I felt like the students tended to blur together more my first semester teaching because just how similar they all looked compared to American students. American students differ vastly in both facial features and also in their style of clothing.

The loud kids in my classes are really easy for me to distinguish from the others and same goes for the kids who physical appearance sets them apart from the others. The students with a different hair style (colored! a light brown!), or  a student who wears white glasses instead of black, or who throws on a preppy sweater over their collared shirt tend to be more memorable.

But for the more quiet students, unfortunately, it was and still is lot easier for them to blend in the background since my classes are just so BIG.

–>  So what normally happens as a result of all of this: 

I will ask a student their name. They will tell me “Kim Sang Jun.” I will attempt to remember their name, but won’t see the student for 1 or 3 weeks. In the meantime I have a ton of other students whose names I want to learn.

When I finally see that student in class again, the following three scenarios ensue:

1)     I will end up forgetting Kim Sang Jun’s name entirely. Oops.

2)     I will confuse him with someone else because I think he looks like “Jae Won” He’s not Jae Won. Damn.

 

3)    I call on him and say “Seong Jun!”

“Teacher! WRONG! Sang Jun! Sang Jun”

Double damn.

Solutions:

Last year I had each student make a name tag. My vision was that they would always bring it with them to class and slowly over time I would learn all their names with the help of the visual stimulation.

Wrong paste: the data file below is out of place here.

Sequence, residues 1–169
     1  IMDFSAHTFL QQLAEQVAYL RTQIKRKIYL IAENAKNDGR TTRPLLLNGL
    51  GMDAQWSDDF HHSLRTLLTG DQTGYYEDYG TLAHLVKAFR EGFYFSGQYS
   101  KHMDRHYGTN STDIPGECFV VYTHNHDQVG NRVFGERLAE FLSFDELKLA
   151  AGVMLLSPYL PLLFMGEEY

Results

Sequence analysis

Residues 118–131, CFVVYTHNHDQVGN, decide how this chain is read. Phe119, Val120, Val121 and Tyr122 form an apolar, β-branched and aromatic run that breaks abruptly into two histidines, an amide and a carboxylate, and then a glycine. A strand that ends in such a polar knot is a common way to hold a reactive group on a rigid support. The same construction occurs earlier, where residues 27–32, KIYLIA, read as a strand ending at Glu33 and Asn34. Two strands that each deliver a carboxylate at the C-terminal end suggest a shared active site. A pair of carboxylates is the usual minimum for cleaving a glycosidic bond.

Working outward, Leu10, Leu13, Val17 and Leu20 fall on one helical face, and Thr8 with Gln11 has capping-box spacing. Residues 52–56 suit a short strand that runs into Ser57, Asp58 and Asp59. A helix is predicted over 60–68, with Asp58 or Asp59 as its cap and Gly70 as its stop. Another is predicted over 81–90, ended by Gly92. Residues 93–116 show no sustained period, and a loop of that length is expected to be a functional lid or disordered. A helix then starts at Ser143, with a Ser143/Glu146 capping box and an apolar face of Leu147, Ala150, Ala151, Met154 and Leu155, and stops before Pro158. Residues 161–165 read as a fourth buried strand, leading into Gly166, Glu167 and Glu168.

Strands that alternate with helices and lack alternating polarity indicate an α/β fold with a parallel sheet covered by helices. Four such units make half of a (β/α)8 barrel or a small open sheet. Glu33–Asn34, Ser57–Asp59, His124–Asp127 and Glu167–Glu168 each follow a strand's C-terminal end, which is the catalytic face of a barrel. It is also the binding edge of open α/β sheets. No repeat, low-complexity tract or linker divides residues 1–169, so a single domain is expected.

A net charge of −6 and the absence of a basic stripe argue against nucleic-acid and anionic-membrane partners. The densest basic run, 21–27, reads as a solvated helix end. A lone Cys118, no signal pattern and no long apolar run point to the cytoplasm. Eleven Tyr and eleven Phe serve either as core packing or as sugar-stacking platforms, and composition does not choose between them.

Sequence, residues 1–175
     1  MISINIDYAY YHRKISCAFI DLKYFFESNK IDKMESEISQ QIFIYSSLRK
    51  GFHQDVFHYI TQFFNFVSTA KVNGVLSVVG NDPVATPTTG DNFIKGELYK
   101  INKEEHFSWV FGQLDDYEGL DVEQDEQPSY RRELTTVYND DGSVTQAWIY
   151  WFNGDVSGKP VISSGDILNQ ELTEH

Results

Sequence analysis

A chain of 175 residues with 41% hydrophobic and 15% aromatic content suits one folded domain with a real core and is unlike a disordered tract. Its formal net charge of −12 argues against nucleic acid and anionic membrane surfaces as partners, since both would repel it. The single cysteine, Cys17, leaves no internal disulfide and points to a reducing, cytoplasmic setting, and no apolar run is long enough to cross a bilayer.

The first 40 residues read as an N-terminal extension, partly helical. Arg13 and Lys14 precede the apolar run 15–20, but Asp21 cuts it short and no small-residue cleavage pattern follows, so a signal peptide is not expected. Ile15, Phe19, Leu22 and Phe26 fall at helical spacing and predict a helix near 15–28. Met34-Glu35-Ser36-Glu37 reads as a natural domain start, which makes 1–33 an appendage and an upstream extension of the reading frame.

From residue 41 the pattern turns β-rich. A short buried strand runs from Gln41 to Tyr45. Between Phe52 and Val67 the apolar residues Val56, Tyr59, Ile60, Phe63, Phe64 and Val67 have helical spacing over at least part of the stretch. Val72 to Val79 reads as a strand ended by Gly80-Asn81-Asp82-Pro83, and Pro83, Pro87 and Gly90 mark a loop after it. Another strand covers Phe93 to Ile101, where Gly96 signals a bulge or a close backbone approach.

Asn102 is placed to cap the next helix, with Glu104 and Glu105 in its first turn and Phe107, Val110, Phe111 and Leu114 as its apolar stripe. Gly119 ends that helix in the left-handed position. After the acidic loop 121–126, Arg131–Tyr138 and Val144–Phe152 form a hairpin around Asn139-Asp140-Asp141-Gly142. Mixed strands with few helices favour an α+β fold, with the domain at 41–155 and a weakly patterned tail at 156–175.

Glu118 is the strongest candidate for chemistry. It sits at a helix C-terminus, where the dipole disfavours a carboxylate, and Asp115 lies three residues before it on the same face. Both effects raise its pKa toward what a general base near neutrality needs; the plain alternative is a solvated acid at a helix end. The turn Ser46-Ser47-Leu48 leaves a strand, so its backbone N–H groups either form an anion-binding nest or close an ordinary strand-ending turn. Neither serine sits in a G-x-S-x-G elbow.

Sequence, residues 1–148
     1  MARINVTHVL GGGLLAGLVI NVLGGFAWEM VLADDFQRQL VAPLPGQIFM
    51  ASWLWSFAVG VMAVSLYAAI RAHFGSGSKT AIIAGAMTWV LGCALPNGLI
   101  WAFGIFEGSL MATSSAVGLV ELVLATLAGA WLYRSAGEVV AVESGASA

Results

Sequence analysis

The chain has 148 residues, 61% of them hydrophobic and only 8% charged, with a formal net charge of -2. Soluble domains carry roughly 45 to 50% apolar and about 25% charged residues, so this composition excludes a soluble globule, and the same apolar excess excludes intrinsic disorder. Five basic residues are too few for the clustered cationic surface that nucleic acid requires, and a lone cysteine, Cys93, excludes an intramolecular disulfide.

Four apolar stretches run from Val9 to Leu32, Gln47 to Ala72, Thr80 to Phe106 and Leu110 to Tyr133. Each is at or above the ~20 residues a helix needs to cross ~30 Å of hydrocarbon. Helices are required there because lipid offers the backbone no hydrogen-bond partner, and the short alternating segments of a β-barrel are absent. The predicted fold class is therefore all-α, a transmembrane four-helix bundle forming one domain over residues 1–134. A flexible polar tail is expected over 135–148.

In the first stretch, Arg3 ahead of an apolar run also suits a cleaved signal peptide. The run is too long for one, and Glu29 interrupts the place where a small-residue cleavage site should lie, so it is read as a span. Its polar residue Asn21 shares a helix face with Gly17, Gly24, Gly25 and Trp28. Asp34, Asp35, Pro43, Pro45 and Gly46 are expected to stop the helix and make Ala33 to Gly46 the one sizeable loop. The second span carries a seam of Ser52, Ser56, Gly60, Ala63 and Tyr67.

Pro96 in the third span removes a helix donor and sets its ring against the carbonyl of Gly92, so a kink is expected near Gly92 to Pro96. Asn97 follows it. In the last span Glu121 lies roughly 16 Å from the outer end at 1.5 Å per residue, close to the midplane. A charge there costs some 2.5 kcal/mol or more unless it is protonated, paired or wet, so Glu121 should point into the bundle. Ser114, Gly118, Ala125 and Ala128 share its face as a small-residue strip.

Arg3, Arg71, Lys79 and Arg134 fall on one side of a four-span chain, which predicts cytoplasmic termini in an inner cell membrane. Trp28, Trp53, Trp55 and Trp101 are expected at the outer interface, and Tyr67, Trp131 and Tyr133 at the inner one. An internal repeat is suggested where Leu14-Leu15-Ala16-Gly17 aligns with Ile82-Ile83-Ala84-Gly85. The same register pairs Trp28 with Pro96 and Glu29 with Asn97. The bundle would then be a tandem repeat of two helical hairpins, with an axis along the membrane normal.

WRONG! The kids would forget to bring it to class or would lose them.

You forgot? You lost it?.... Cool

As a result, feeling so overwhelmed my first couple months teaching here, I didn’t end up learning my student’s names unless they specifically sought me outside of class to talk to me a lot.  I know, I know. That’s terrible.

My only excuse is it was hard to adjust to Korea land.

This year’s plan:

At the beginning of my first class with my students I had each student write their name in English AND Korean (in case they wrote their name in English wrong) and then I took their picture with their name. Seeing the students name WITH their face has made it a lot easier for me to remember their names.

Also, seating charts! I made a specific seating chart for each of my classes which I constantly refer to. Some students names I know off the bat because I talked with them a lot last year and this year.

I got this

BUT other students I hardly see, so it’s good to have a reference chart. It is my goal that within next month I will have learned most of their names!  Wish me luck with this endeavor!

 

confused gif

Again, I am just so impressed with some of my kiddos

Yesterday  was science day at my middle school which meant that the afternoon classes were cancelled. I was just doing work in my office when randomly two boys came to talk to me after they did their science experiment (egg drop).

I ended up talking with them for a long time which is always fun.

They told me that English was hard for them and I told them I feel their pain because for me, Korean is hard.

My students trying to understand & speak English

 

Me trying to speak and understand Korean

I had them help me practice writing sentences in Korean and then I asked them to write what I wrote in Korean into English.

I think it is so cool that even though their English level isn’t super high, they still made the effort to try to communicate with me outside of class. They were under no obligation to talk to me, but rather they came to chat with me on their own volition. I told them I was super proud with them because they were going the extra mile (or in Korea land, kilometer, ha!) to practice English.

I really love it when students come seek me out after class to chat with me for two reasons: